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Jespersen, Otto. Progress in Language – T02


This volume is to a certain extent an English
translation of my Studier over Engelske Kasus,
med en Indledning: Fremskridt i Sproget
, which
was submitted to the University of Copenhagen
in February, 1891, as a dissertation for the
Ph. D. degree, and appeared in print in April
of that year. In preparing this English edition
I have, however, altered my book so materially
as to make it in many respects an entirely new
work. 11 In the first place, what was originally
only an introductory essay has been enlarged
and made the principal part of the book, as
already indicated by the altered title. Consequently,
I could only retain those chapters of
the special investigation on the history of
English cases which had some bearing on the
central idea of “Progress in Language”, viz.,
chs. vi. and vii. (formerly i. and ii., on “the
vEnglish Case-Systems” and on “Case-Shiftings
in the Pronouns”), while the last chapter,
dealing with the history of voiced and voiceless
consonants, was of too special a nature to be
inserted in this volume. I shall probably find
an opportunity of reprinting part of this investigation
in the introduction to the edition of
Hart's Orthographic, which I am preparing for
the Early English Text Society; and I may
here provisionally refer the readers to Dr.
Sweet's New English Grammar, §§ 731, 861,
862, 863 (cf. also §§ 810, 813, 997, 999, 1001),
where I am glad to say that the eminent author
has accepted even those of my results which
run counter to his own previous views. 12 By
leaving out this chapter I have found place for
the last two chapters of the present volume, of
which one (viii. “The English Group Genitive”)
is entirely new; while the other, on the “Origin
of Language”, was read in a somewhat shorter
form before the Philological Congress in Copenhagen,
on the 21st of July, 1892, and printed in
the Danish periodical Tilskueren, in October of
the same year.vi

Secondly, I have left out whatever seemed
to me little likely to present any interest to
English readers, especially the numerous
instances of Danish developments parallel to
those mentioned in chapter vii.; in the new
chapter viii. I have refrained from giving such
parallel cases, but I hope some day to find an
opportunity of publishing my Danish collections

Thirdly, I have taken due notice of those
reviews of my Danish book in which reasons
were given for dissenting from my views; I
must especially thank Professors Herman
Möller and Arwid Johannson for opening my
eyes to some weak points in my arguments,
even if I have not been able to make their
opinions mine; on the contrary, a consideration
of their objections has only strengthened my
belief in the progressive tendency of languages
at large. In the linguistic literature which has
appeared since my Studier, I have found little
to learn with regard to my own subject; if G.
von der Gabelentz's Die Sprachwissenschaft
(Leipzig, 1891) had appeared before instead of
after my Studier, it would probably have influenced
my exposition, as I should have been
viiable from that admirable work to draw many
arguments in favour of my hypothesis; but as
it is, I have thought it the wisest plan to leave
the main structure of my work as it was, and
only once for all refer the reader to Gabelentz's
great work, which no one can read without great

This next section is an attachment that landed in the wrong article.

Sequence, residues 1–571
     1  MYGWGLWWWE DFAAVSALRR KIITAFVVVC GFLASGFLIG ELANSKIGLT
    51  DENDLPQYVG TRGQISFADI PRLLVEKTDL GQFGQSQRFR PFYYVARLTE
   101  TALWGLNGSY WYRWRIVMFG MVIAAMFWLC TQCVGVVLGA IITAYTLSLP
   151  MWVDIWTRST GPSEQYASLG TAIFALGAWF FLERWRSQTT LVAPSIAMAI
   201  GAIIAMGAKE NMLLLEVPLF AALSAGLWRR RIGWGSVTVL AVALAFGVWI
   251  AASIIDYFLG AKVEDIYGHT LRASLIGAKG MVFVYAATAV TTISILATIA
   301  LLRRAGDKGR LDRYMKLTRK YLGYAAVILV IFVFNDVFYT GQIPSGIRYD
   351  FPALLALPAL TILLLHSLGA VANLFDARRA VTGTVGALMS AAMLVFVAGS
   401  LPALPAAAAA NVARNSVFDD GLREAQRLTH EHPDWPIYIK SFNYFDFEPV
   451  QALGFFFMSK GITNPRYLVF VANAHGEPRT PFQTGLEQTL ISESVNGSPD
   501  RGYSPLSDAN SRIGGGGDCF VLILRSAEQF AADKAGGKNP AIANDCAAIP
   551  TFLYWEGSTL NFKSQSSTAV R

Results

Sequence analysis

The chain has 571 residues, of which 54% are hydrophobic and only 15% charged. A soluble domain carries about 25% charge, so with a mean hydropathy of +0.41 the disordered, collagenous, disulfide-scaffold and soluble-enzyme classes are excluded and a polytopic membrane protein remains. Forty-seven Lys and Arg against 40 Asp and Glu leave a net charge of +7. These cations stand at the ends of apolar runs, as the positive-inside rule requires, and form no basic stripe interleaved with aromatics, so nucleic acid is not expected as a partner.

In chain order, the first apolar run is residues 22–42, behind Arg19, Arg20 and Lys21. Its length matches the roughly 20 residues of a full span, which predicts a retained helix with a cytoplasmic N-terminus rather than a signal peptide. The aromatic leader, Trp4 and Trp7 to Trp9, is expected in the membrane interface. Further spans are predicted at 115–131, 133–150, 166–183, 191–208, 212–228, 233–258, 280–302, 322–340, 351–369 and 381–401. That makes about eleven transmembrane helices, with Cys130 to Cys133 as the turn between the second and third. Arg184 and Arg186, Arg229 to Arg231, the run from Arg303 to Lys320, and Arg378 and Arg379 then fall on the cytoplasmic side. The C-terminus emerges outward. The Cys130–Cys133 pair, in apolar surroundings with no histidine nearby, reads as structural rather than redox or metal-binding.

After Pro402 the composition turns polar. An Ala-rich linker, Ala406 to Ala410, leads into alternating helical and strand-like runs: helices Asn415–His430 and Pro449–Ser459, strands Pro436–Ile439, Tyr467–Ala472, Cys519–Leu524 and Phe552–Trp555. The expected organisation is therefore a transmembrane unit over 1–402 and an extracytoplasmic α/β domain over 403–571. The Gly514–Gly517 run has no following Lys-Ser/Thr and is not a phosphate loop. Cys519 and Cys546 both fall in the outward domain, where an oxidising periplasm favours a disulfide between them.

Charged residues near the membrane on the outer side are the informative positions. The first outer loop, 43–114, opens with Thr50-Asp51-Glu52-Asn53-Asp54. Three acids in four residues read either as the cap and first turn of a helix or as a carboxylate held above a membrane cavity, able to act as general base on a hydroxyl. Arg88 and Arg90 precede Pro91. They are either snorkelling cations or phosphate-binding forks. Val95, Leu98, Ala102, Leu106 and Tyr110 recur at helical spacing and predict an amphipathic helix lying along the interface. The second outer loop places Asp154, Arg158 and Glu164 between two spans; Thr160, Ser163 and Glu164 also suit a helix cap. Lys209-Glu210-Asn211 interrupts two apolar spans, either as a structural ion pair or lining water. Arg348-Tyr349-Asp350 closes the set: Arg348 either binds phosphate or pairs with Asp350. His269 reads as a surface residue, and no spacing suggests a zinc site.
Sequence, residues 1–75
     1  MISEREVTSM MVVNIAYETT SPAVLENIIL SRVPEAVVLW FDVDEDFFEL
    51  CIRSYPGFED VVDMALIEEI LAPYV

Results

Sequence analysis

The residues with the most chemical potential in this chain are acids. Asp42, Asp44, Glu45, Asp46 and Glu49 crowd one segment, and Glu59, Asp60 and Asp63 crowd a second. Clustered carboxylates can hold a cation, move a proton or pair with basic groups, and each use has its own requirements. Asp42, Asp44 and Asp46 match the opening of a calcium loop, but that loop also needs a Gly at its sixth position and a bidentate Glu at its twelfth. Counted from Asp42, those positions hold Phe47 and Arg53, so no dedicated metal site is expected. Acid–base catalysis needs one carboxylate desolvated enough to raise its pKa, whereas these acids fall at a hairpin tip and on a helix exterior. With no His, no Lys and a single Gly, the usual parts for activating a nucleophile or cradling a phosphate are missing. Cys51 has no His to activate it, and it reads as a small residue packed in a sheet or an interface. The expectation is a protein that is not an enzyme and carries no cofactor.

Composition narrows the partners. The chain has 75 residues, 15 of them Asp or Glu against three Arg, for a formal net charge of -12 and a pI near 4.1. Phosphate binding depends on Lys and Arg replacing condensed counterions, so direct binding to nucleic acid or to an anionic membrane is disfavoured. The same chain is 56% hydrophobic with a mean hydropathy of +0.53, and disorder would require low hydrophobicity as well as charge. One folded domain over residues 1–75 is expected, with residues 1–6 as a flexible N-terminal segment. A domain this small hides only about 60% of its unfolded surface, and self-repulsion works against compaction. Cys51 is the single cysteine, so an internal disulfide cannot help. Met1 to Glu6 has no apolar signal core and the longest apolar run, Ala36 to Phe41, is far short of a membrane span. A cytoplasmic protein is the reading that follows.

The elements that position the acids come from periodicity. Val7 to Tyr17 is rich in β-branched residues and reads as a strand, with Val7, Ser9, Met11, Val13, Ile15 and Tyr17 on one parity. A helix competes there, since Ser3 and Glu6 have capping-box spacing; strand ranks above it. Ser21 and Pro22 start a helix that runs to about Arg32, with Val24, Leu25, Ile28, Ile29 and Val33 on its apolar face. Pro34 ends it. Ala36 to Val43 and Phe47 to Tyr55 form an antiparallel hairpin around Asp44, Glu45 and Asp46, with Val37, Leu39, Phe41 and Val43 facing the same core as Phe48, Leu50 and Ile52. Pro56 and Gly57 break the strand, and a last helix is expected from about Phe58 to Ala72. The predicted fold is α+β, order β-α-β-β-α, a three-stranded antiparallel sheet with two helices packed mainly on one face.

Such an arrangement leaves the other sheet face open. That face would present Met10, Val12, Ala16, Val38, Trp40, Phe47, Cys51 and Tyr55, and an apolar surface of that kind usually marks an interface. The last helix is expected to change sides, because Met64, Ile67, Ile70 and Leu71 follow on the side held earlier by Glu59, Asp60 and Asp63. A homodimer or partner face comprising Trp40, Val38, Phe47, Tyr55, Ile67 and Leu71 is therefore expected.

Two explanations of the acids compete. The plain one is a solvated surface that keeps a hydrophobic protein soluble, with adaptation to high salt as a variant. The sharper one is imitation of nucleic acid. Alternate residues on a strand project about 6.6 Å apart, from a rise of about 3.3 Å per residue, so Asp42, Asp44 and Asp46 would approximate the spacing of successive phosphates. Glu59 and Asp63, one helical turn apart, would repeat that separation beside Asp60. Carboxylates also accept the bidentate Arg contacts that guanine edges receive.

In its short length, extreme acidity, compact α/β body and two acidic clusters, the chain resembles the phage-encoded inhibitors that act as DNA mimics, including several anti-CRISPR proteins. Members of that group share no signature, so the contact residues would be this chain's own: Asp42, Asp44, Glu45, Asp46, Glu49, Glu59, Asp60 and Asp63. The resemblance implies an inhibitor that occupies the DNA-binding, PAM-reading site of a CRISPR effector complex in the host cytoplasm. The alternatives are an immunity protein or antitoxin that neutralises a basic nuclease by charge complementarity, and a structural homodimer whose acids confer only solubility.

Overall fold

profit. My attention was not drawn to Misteli's,
Charakteristik der hauptsächlichsten Typen des
(Berlin, 1893) till nearly the whole
of my book was ready for print in its English
shape; the reader will there find good, if somewhat
abstruse and rather too “philosophical”
summaries of the distinguishing features of
many languages.

Such of my readers as are not specially
interested in the history of the English
language will perhaps do well to read of
chapters vi.-viii. only those sections which deal
with problems of a more general character (§§
138-150, 209-215, 216-218, and 240-247); I
myself look upon these three chapters as
specimens of the manner in which I hope, by-and-by,
to treat the most important points in
the development of the English language; a
few more chapters of the same description are
nearly ready, dealing chiefly with the relations
viiibetween adjectives and nouns (or first parts
of compounds) and those between nouns and
verbs (cf. § 65).

As the term “Old English” is still sometimes
used in different senses by different authors, it
is not superfluous to remark that throughout
this book it means the English language till
about 1150, called by many scholars “Anglo-Saxon”.
In the very few places where I have
used a phonetic transcription, the sign ˙ indicates
that the preceding vowel is long.

I shall conclude this Preface by mentioning
the difficulty I have often felt in expressing my
thoughts adequately in a language which is not
my own; if my English is not too awkward
and clumsy, this is to a great extent due to my
friend G. C. Moore Smith, M.A., of St. John's
College, Cambridge, who has been kind enough
to read my manuscript very carefully and to
emend my style in not a few points; I seize
this opportunity of thanking him most heartily
for his extremely valuable assistance. I must
also thank Cand. E. Lennholm, of this city,
who translated most of chapter vi. for me from
the Danish original.

Otto Jespersen.ix

11 The small numbers in parentheses refer to the paragraphs
of the Danish book; they will enable the reader to judge of
the changes made in revising the work for this edition.

21 §§ 1076-87 of the same Grammar will be found to cover
nearly the same ground as my ch. vii. (ii. in the Danish edition).